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Tuesday, May 24, 2011

You Want It To Be... What?

"Train hard or go home," "Just do it," "Pain is weakness, leaving the body," "There is no Off-Season," these are just a few of the encouraging T-shirts and slogans meant to inspire the average gym-goer to give it their all-to do their best. Most would likely nod in agreement with these statements yet in recent years, many in the fitness industry have extolled the "benefits" of workouts marketed to experts and novices alike that promise "short" and "easy" routines resulting in nearly miraculous transformations. While punishing and torturous exercise is counter-productive at best and harmful at worst, something about the words "easy" and "exercise" just don't go together. 

Clearly, a need has arisen for shorter, more realistic exercise programs in terms of time invested compared with results achieved. Today's time and economic constraints have created a world where a significant part of the population works two jobs (we're also parents, taking care of parents, and have other serious demands on our time) so becoming more efficient with our exercise time developed into a necessity. But there is little to no benefit, (other than making money pushing unrealistic marketing schemes), to doing an "easy" workout. Obviously, any exercise program should be appropriately progressive but, if it isn't challenging, it isn't a work-out! In the age of entitlement, people are beginning to think this sort of miracle is our right. They expect a hard-body will be the result of their "easy" efforts and are disappointed when it doesn't happen.

Back here on earth...with obesity statistics and sedentary lifestyles being what they are, many fitness experts feel the need to say or do anything necessary to get bodies in the door, so to speak. That's certainly understandable, even admirable, but lowering standards is not the answer. We are becoming physically weaker and weaker with much of the population now sitting for hours on end in front of computers every day. Can we really afford "easy?"  Sadly, the majority of the population probably isn't physically ready for a difficult, intense workout-but there are degrees...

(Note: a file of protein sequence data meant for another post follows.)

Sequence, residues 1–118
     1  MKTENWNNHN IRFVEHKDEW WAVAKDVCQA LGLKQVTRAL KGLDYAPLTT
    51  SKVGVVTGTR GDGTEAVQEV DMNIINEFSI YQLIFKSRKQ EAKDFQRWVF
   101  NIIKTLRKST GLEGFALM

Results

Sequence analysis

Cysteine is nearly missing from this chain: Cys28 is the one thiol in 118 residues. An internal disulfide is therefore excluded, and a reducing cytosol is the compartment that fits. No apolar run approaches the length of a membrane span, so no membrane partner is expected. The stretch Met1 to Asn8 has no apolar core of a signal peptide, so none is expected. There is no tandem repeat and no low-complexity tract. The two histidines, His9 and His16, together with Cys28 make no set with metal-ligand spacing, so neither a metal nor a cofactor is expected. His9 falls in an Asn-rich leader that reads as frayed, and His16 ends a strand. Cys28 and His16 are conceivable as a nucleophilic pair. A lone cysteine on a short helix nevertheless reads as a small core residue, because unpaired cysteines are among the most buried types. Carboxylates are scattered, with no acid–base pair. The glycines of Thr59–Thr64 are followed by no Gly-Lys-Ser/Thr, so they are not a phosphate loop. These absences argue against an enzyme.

From Curves to The Military Wives Workout, The Navy Seals Workout, Crossfit, and of course, The Jinifit Virtual Training System-relative to your fitness level, these and other programs all have their place in the realm of "hard;" as they should be. There are many safe, progressive, effective programs out there and unless you're intent on wasting your time, you need a program that will really challenge you.

Isn't doing something better than doing nothing? Yes, but consider this: In an excerpt from a blog post by strength coach Mike Boyle, Boyle said:

"We should be exercising as hard as we are physically able. In fact, the medical professionals themselves said that in 2002 but the information got little coverage. The New England Journal of Medicine (Volume 346:852-854 March 14, 2002) published a study and an editorial titled "Survival of the Fittest" that said "...the peak estimated exercise capacity achieved during the test (graded treadmill test) was the strongest predictor of the risk of death among patients with cardiovascular disease and among patients without cardiovascular disease. "Greater fitness results in longer survival." The study said nothing about duration or frequency, it only mentioned performance. The people that lived the longest were not the ones that exercised the most frequently. They were the ones who lasted the longest on the treadmill test.  

The key variable that related to life expectancy was fitness, not total time or number of days per week. Those that were able to exercise the hardest lived the longest.

Think about that the next time you do your  "cardio." "

It may be human nature to take the path of least resistance-the easy way out. But that belief has never created a single champion. Longevity and quality of life are just two reasons to give a workout your all. Being prepared for the unknown and unknowable is perhaps the greatest reward for being fit.

Didn't mom always say "anything worth doing is worth doing well?" Ultimately, it comes down to this: If you can't run with the big dogs, stay on the porch.

© 2011 Jinifit, Inc.

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Fitness expert and Athletic Development Specialist Jini Cicero, CSCS, teaches intermediate exercisers how to blast through plateaus to create incredible transformations. Are you ready to take your fitness to a whole new level?  Find out now!  Take Jini's "Are you Ready?" Quiz at

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